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Ford Motor Company (F), General Motors Company (GM), Tesla Motors Inc (TSLA): The Good Times Are Rolling…But Not For All

Sometimes, the American consumer just has too many choices. Although projections call for 16 million vehicles to be sold in the U.S. in this year — the highest amount since 2006 — there simply isn’t enough demand for all car companies to be winners. Whether from a lack of differentiation or unexciting designs, investors should consider the following three car brands to be on yellow alert. If things don’t improve rapidly, they could disappear altogether before 2020.

The good times are rolling — but not for everyone

Clearly, some automakers have rocketed out of the gate this year. We’ve seen Ford Motor Company (NYSE:F) scream higher thanks to the wide acceptance of its EcoBoost engine, which improves fuel efficiency without sacrificing power.

Likewise, General Motors Company (NYSE:GM) has seen a sales resurgence in 2013 on the heels of the long-awaited redesign of its GMC Sierra and Chevrolet Silverado.

Even electric-vehicle maker Tesla Motors Inc (NASDAQ:TSLA) has joined in the action, proving to consumers that electric-vehicle mass-production is possible. Tesla Motors Inc (NASDAQ:TSLA) recently delivered its first one-time charge-adjusted quarterly profit in history, and has now met or surpassed its own production targets in three straight quarters, as consumer demand remains high.

But there’s another side to this coin. While total U.S. auto sales are up 9.6% through the first 206 days of the year, the following brands have struggled to woo the U.S. consumer.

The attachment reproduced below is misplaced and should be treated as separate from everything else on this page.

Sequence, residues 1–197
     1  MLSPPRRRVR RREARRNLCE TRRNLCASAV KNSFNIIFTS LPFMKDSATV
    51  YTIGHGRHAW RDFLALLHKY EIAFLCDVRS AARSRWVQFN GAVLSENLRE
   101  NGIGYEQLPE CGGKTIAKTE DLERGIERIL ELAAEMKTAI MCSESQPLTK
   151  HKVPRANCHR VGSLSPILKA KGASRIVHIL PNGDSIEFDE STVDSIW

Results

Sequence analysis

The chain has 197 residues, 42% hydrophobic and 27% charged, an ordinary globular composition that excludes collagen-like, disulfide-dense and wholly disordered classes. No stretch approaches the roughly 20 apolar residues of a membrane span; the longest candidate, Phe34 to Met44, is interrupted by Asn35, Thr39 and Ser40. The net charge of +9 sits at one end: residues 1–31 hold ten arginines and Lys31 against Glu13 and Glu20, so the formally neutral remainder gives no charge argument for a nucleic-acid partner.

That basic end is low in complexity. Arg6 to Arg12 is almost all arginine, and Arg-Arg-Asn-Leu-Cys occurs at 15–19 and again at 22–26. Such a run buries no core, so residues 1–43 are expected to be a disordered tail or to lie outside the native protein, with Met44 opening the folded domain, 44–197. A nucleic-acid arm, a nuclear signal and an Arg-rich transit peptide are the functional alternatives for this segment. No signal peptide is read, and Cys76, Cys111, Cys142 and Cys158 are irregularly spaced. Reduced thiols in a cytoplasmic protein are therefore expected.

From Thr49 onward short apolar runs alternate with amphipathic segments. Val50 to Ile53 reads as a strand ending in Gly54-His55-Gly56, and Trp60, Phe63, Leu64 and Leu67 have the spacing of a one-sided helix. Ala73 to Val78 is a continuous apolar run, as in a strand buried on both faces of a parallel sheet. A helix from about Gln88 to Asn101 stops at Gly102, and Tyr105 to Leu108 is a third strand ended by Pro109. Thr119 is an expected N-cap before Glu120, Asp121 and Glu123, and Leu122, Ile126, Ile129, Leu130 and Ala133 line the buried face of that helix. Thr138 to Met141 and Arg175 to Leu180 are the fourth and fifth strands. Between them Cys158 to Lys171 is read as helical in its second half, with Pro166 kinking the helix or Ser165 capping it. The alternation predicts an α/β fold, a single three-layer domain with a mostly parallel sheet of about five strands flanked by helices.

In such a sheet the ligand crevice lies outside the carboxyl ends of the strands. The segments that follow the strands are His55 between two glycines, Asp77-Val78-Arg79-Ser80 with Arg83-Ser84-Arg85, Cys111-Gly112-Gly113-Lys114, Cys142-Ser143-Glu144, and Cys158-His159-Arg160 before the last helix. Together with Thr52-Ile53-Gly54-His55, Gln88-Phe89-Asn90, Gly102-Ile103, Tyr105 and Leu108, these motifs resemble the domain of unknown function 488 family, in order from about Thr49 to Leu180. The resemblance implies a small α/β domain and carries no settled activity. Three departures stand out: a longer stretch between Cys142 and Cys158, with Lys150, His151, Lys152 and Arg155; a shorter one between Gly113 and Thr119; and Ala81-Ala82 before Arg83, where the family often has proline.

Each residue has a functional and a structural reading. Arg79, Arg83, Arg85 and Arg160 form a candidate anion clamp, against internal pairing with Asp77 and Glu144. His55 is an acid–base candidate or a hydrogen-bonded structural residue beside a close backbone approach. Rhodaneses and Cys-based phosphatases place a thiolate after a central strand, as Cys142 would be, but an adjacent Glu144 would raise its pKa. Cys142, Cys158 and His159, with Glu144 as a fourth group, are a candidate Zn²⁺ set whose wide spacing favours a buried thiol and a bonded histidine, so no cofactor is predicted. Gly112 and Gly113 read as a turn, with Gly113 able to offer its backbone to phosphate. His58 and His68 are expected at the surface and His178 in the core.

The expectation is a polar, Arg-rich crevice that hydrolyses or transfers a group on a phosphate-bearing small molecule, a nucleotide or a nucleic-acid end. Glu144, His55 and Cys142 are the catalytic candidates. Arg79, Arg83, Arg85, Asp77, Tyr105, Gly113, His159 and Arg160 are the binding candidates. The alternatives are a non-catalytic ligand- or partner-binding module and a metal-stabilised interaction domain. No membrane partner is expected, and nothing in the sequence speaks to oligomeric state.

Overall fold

2010 Volvo S80 Source: Wikimedia Commons.


The Swedish car company known for its staunch lines and rigid safety standards is nowadays just a distant memory in the minds of American and global consumers.

In recent months, Volvo has found some moderate success in China, where its redesigned models sent sales up by 62% in July.

Ultimately, though, Volvo is no longer a global player. About half of its sales come from Europe, where austerity measures are putting the kibosh on the entire industry, while its sales in the U.S. have been on a more or less steady decline since 2004. In that year, Volvo sold close to 140,000 units in the United States. But through the first eight months of 2013 Volvo has sold just 44,005 units, a 6% decline from the previous year.

Volvo lacks a true identity — and any sort of swagger whatsoever. Known previously as the “safe” car, Volvo has seen numerous other automakers make its models irrelevant by spending quite a bit of R&D on improving safety in their own cars. Think of it this way: When was the last time you heard anyone excited about the arrival or redesign of a new Volvo?

With no differentiation and a loss of previous its comparative advantage, Volvo’s days could be numbered.

2011 Suzuki Swift, Source: NRMA Motoring & Services, Flickr.


Speaking of cars that fail to excite the American consumer, how about Suzuki? Whether or not you realize it (because it’s not as if Suzuki cars were all that prevalent on the road in the U.S. to begin with), Suzuki made the decision in November to pull out of the American market after three decades.

Hitting a high of 102,000 vehicles sold in the U.S. in 2007, Suzuki was able to muster only 26,266 units sold in the U.S. in its previous fiscal year.

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